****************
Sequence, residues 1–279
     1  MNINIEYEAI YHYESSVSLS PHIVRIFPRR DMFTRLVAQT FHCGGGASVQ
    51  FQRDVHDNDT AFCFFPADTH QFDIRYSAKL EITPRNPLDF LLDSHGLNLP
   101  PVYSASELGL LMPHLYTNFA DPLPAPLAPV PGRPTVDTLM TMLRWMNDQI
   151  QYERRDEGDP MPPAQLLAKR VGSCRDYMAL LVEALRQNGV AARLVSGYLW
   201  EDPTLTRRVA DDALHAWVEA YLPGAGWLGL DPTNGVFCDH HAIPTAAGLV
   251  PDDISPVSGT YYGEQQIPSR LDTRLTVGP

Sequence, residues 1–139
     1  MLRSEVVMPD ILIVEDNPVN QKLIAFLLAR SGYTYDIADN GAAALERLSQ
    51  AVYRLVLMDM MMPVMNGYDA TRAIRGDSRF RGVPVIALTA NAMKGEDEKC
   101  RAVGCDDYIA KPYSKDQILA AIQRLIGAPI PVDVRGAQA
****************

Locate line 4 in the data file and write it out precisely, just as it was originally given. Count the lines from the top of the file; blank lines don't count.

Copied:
   101  PVYSASELGL LMPHLYTNFA DPLPAPLAPV PGRPTVDTLM TMLRWMNDQI